Earlier last week, the federal district court for the District of Columbia ruled that three hospitals providing medical services through an HMO to U.S. government employees are "subcontractors" subject to OFCCP's jurisdiction. The decision shows that OFCCP has successfully been able to expand the definition of "subcontractor" and hence its jurisdiction to enforce affirmative action requirements.
In UPMC Braddock v. Harris, a health maintenance organization ("HMO"), UPMC Health Plan, contracted with the U.S. Office of Personnel Management ("OPM") to provide coverage for federal employees who participate in the Federal Employees Health Benefits Program. The plaintiff Pittsburgh hospitals then entered into contracts with UPMC Health Plan to provide medical services and supplies to certain individuals enrolled in its coverage program.
Even though the contract between UPMC and OPM explicitly excluded hospitals and medical service providers from the definition of subcontractor, OFCCP took the position that the hospitals were nonetheless subcontractors of UPMC. When the hospitals refused to respond to OFCCP compliance audit notices, OFCCP initiated an enforcement proceeding against them.
In OFCCP v. UPMC Braddock, Case No. 08- 048 (May 29, 2009), the DOL's administrative review board ("ARB") upheld an administrative law judge's finding that the hospitals were federal subcontractors because they were performing a necessary part of UPMC's broader contractual obligations to OPM. The hospitals appealed the ARB's decision to federal district court.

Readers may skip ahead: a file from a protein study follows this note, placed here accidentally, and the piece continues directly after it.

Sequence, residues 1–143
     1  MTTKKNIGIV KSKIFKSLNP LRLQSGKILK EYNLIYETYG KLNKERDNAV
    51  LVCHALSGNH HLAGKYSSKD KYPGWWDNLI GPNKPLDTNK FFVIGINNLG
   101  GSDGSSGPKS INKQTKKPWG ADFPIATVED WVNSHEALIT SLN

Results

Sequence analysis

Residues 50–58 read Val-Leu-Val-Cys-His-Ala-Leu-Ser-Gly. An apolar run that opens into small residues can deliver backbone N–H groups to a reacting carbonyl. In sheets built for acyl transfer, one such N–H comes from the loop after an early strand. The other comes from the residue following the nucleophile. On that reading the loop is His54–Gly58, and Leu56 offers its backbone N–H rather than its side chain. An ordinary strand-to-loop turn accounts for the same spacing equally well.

The district court agreed with the ARB. It noted that healthcare providers that subcontract with insurance companies that provide traditional insurance coverage fall outside of OFCCP's jurisdiction. However, those hospitals and other providers that subcontract with HMOs doing business with the federal government must comply with applicable statutory and regulatory requirements, including the OFCCP's affirmative action and EEO requirements. The court noted that these requirements applied to the subcontractors even though their subcontracts did not include the FAR provisions imposing affirmative action requirements.
This decision potentially impacts a substantial number of hospitals, health care providers and other entities providing goods or services to HMOs retained by the federal government. We anticipate that the decision will embolden the OFCCP's continuing efforts to increase the number and types of employers subject to its jurisdiction.
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